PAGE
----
Freya is once again encountered when Kratos brings her Mimir's severed head to resurrect, much to her shock. Before she resurrects Mimir, she notices that Atreus is equipped with mistletoe arrows. Knowing that mistletoe is the only thing that can kill her son, she quickly replaces Atreus's arrows with her own and destroys the mistletoe ones. Upon Mimir's revival, it immediately becomes apparent to Kratos that Freya greatly dislikes Mimir, and Mimir accidentally reveals Freya's identity to Kratos and Atreus. This deepens Kratos' distrust for Freya.
However, Kratos is forced to seek Freya's help when Atreus falls ill after a battle with Magni and Modi. Freya is initially reluctant to help Kratos due to his open hatred of divine beings and only agrees to help when she realizes Atreus's plight. She scolds Kratos for keeping Atreus unaware of his divine heritage, as Atreus's current situation was a result of the conflict between Atreus's divine nature and his belief that he is a simple mortal. She tells Kratos that she needs a rare ingredient from Helheim to cure Atreus and that Kratos would need a non-ice based weapon in order to fight the beasts living in that realm.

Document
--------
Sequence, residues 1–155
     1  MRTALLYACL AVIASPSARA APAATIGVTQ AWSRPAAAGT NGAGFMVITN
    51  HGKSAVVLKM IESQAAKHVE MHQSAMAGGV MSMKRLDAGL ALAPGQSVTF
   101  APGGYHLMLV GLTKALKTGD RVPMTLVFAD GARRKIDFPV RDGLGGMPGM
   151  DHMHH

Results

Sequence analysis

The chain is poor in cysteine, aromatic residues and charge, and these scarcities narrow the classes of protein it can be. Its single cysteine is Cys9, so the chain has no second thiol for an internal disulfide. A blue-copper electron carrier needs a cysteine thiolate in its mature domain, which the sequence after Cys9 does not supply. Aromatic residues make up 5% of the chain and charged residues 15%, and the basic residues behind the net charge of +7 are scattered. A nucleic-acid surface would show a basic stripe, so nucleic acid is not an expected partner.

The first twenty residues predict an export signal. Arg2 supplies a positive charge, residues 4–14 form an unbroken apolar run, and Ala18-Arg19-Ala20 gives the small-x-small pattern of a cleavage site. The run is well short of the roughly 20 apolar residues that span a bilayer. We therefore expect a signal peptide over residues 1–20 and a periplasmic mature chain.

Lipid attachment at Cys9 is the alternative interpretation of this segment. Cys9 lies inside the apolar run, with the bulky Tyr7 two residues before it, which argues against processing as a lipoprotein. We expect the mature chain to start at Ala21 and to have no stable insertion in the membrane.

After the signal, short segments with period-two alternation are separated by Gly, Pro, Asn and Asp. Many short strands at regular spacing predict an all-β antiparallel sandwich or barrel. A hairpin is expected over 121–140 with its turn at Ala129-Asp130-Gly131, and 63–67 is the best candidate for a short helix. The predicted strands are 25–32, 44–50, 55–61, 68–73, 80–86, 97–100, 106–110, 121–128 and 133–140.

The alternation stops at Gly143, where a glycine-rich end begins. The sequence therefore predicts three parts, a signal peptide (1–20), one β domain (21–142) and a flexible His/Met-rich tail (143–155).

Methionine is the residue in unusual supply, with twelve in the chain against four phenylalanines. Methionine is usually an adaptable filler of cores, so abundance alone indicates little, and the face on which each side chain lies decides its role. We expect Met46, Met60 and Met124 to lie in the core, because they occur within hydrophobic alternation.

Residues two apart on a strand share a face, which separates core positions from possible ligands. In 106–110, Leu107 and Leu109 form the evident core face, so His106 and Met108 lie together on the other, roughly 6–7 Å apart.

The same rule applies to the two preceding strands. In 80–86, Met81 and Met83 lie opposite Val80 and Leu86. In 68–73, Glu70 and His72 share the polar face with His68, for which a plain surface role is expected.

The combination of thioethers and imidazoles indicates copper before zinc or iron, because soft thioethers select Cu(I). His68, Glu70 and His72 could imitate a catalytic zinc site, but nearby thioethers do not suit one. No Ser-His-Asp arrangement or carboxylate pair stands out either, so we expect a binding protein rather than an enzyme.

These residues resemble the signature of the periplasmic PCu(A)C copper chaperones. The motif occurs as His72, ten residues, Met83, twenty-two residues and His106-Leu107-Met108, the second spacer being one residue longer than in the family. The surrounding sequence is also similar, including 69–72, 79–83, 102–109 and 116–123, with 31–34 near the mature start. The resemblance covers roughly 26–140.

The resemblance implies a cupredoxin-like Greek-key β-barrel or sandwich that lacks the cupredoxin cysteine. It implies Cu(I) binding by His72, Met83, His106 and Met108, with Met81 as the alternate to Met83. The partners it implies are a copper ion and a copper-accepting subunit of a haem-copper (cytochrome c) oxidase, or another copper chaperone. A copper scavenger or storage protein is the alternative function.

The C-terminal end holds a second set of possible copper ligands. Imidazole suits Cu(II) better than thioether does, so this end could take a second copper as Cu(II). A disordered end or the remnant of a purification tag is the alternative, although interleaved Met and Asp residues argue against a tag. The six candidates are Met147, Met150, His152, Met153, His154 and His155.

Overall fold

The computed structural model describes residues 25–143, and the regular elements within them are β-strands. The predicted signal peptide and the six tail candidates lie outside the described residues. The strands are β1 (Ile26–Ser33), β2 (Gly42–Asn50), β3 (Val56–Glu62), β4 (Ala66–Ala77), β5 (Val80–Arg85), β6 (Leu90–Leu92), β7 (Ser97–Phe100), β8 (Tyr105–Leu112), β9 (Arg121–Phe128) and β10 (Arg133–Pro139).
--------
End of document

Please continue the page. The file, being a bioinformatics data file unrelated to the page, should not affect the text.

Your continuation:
After retrieving the ingredient, Kratos brings it to Freya who uses it to create a cure for Atreus. She then tells Kratos that she too has a son whom the runes, on the day of his birth, foretold of his needless death and she swore to do anything to protect him, no matter the sacrifice. She laments her decisions that had led to her son's resentment of her and implores Kratos to avoid making the same mistake and to have faith in his son. At this point, Freya begins to warm up to Kratos, while the Ghost of Sparta hesitantly lets his guard down around her.